Property Owner is Not Liable for Injuries to Dirt Bike Rider Who Did Not Have Permission to Ride on the Property

Callahan v. Tri-Borough Sand & Stone, ___ N.J. Super. ___ (App. Div. 2024). N.J.S.A. 39:3C-18 addresses the liability of property owners when certain types of vehicles are operated on their property. Until this decision by Judge Rose, there was no authority applying that statute, as Judge Rose observed that “[t]he parties cite no authority under N.J.S.A. 39:3C-18 to substantiate their claims, nor has our research revealed any such authority.” Instead, the parties relied on the Landowner’s Liability Act, N.J.S.A. 2A:42A-1 et seq. (“the LLA”), and caselaw thereunder. “Because the statutes are similar,” the Appellate Division did so too.

“In essence, the LLA was intended to shield from liability private owners of rural or semi-rural lands used by the public for sport and recreational activities. See Harrison v. Middlesex Water Co., 80 N.J. 391, 399-401 (1979). Thus, such landowners ‘owe[] no duty to keep the premises safe for entry or use by others for sport and recreational activities.’ N.J.S.A. 2A:42A-3(a). Nor must they ‘give warning of any hazardous condition of the land or in connection with the use of any structure or by reason of any activity on such premises to persons entering for such purposes.’ Ibid. Unlike N.J.S.A. 39:3C-18, immunity applies, even if the owner expressly permits entry by the public. N.J.S.A. 2A:42A-3(b). [But s]imilar to Chapter 3C, the LLA does not shield landowners from liability for certain willful or malicious acts or where the owners gave permission to use the premises.”

Plaintiff was riding his dirt bike on defendants’ property, a quarry, when he struck a steel cable and sustained injuries. The cable was part of a dredging process that was integral to defendants’ business on the property. There was no dispute that the cable was not present to deter trespassing or that defendants never gave express permission for anyone to ride dirt bikes on the property, though there was evidence, including from plaintiff’s mother, that she and others had been riding all terrain vehicles on the property since the 1990s. The Law Division granted a defense motion for summary judgment, plaintiff appealed, and the Appellate Division affirmed, applying de novo review.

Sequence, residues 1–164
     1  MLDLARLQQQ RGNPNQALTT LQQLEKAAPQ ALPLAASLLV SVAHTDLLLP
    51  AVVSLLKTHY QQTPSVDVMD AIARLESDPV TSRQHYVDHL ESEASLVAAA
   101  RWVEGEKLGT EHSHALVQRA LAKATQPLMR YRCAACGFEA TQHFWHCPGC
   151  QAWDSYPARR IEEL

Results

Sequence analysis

Judge Rose discussed two decisions under the LLA that involved somewhat similar facts. In one case, where a cable had been deliberately placed across a path used by motorbikes, a use known by the defendants property owner there, the Appellate Division sustained the denial of a defense motion for summary judgment. In another case, where a cable was directly related to the owner’s use of its property and there was no evidence that the cable was erected willfully or maliciously, the owner was shielded from liability.

The Appellate Division found that the latter case supported the result in the present matter. There was nothing willful or malicious here, as “defendants utilized the cable for a legitimate business purpose – not to deter the presence of dirt bike riders on their property.” And plaintiff did not have express consent to ride his dirt bike on defendants’ property. For those reasons, defendants could not be held liable under N.J.S.A. 39:3C-18.